The sprawling California desertscape has borne many names throughout millennia of Native American presence. But in the mid-19th century, as news spread of an expedition gone awry, the final line of a trying tale provided a name that proved immortal. This is a tale of big dreams, false promises, and a last hope of the Lost 49ers.
It was late fall in 1849 during the height of the California Gold Rush. The Bennet-Arcane Party, a group of families making their way west, had just landed in Salt Lake City, but it was much too late in the year to continue their journey and cross the snow-capped Sierra Nevada mountain range. To their disappointment, they were staring at a long winter in Utah, with their wagons parked for the season and their pockets empty.
Impatiently waiting for winter to pass, the party heard word of the Old Spanish Trail, an apparent route that went south of the Sierras, meaning the party could get to California — and its gleaming, golden riverbeds — much faster. The only problem? Pioneer wagons had never made the journey before, and they could only find one person in town who agreed to lead them on the route. The red flags should have been apparent, but the prospects of golden rocks and wealth blinded the pioneers to any warning signs..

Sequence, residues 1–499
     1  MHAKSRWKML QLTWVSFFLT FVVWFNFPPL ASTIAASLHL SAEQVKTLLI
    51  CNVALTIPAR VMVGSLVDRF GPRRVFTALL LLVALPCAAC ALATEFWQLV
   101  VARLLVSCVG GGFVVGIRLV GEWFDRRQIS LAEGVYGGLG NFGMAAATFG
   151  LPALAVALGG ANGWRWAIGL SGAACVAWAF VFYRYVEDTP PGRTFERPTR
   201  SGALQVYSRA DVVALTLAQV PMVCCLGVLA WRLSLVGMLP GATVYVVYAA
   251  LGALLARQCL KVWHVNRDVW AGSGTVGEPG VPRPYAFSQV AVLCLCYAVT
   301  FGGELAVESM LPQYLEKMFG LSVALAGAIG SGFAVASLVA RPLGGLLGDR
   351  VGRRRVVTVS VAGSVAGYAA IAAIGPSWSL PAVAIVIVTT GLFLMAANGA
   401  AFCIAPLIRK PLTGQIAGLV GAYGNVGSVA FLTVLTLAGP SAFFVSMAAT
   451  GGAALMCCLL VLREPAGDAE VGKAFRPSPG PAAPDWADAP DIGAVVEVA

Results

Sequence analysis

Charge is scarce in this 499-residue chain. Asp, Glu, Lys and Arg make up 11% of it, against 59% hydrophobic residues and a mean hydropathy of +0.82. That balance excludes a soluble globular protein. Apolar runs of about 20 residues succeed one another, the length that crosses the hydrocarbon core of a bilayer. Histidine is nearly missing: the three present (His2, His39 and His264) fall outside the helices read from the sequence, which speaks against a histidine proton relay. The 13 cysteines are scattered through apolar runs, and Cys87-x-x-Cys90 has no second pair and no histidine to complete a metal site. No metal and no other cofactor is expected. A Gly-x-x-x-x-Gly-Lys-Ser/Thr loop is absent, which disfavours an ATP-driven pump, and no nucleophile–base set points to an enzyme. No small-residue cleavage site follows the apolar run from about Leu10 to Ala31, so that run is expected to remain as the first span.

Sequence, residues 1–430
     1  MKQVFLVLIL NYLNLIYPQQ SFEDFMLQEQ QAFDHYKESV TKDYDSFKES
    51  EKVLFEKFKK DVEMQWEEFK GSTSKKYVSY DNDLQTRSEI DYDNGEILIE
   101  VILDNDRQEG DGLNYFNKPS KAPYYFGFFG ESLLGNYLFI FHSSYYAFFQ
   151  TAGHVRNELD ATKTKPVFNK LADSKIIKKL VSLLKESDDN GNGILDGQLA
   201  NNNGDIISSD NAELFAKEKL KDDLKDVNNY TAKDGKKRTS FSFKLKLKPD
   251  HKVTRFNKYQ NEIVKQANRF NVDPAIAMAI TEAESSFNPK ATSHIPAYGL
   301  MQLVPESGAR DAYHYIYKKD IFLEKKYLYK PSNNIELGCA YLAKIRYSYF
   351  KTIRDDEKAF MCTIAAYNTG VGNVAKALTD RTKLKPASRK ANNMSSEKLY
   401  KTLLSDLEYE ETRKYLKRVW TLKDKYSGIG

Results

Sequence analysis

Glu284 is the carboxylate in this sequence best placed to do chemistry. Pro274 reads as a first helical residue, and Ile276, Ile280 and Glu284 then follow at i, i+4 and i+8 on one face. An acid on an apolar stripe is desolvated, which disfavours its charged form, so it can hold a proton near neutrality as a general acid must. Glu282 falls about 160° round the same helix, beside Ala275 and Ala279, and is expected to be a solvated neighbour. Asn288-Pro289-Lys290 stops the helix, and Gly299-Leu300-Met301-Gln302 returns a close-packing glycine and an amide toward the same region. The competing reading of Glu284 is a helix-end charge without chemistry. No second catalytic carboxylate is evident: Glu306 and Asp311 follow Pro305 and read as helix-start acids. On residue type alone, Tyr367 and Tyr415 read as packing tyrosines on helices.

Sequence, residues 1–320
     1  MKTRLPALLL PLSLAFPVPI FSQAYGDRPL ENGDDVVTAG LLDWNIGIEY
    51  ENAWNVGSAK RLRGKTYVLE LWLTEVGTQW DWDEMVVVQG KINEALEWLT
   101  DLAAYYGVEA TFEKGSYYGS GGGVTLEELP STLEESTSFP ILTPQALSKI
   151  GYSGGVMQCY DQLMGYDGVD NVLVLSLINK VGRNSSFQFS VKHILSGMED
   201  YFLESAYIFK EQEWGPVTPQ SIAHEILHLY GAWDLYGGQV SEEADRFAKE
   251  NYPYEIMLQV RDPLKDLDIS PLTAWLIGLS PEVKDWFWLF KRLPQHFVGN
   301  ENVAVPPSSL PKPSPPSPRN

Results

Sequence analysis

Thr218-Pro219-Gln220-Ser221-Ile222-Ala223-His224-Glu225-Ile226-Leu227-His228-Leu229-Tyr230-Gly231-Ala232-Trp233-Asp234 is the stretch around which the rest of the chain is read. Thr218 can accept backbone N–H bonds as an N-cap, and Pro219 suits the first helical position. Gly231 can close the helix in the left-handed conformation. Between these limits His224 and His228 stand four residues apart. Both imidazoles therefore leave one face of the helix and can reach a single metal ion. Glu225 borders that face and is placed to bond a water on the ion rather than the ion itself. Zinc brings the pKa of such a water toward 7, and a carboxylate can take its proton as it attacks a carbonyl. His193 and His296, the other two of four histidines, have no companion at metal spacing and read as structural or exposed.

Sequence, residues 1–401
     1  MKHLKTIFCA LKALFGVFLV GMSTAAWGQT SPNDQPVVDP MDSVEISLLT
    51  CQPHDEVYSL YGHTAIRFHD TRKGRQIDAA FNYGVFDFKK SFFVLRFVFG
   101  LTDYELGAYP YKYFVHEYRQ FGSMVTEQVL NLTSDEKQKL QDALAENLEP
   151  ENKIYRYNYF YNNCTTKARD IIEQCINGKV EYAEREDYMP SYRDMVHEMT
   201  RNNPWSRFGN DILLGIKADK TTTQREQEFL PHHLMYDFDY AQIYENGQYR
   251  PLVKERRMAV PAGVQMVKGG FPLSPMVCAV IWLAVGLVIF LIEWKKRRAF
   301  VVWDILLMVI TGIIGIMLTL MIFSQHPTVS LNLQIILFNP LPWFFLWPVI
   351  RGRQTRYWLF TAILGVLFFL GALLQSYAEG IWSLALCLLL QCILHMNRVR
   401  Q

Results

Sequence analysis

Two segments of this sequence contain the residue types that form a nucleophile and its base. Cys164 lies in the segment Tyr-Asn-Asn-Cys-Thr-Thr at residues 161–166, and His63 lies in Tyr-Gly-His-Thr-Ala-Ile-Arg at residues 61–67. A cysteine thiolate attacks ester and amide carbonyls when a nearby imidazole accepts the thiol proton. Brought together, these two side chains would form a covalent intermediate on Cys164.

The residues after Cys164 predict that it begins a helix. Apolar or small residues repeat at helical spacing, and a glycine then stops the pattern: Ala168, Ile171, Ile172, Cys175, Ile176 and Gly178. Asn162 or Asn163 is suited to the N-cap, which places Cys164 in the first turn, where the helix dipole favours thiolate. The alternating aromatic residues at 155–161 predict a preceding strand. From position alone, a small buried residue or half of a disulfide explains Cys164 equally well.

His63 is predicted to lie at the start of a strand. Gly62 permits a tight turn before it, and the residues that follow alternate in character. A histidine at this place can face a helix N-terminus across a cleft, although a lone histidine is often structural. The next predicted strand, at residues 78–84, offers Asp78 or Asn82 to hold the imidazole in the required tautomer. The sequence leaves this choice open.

In a line of 100 wagons, the Bennet-Arcane Party embarked full of hope, albeit slowly. As grumblings about their trudging pace started to spread, a young man passing on horseback regaled them on another shortcut that would slash 500 miles off their journey by cutting through a nearby valley. It was too good to pass up — and, as it turned out, too good to be true.
Descending into the valley with no guide to lead them was maybe not their best plan and the crew found themselves simply and utterly lost. Left with no alternatives, they set up camp, relying on fresh water springs and the sacrifice of their oxen to survive. Their wagons, too, met their end, burned in the fires to keep the group warm during the long, cold desert nights.
Fearing imminent disaster, two brave men, William Lewis Manly and John Rogers, volunteered to go over the mountain to search for supplies and save the group. Little did they know how long the journey would take. Nearly a month went by as the men walked over 300 miles to Mission San Fernando, retrieving the goods they thought would bring everyone to safety. But when they finally returned, they found only two families left, with the rest of the group having decided to head out and take their fate into their own hands.
As the small remnant of the once massive party or pioneers trekked over the pass toward safe civilization, one woman turned around and said quietly: “Goodbye, Death Valley.”
With the victory of survival and the gratitude for a narrowly escaped death, the travelers moved on, eager to make a new life for themselves — somewhere far, far away from that cold valley floor that visitors now willingly trek into to mark another national park off their bucket list.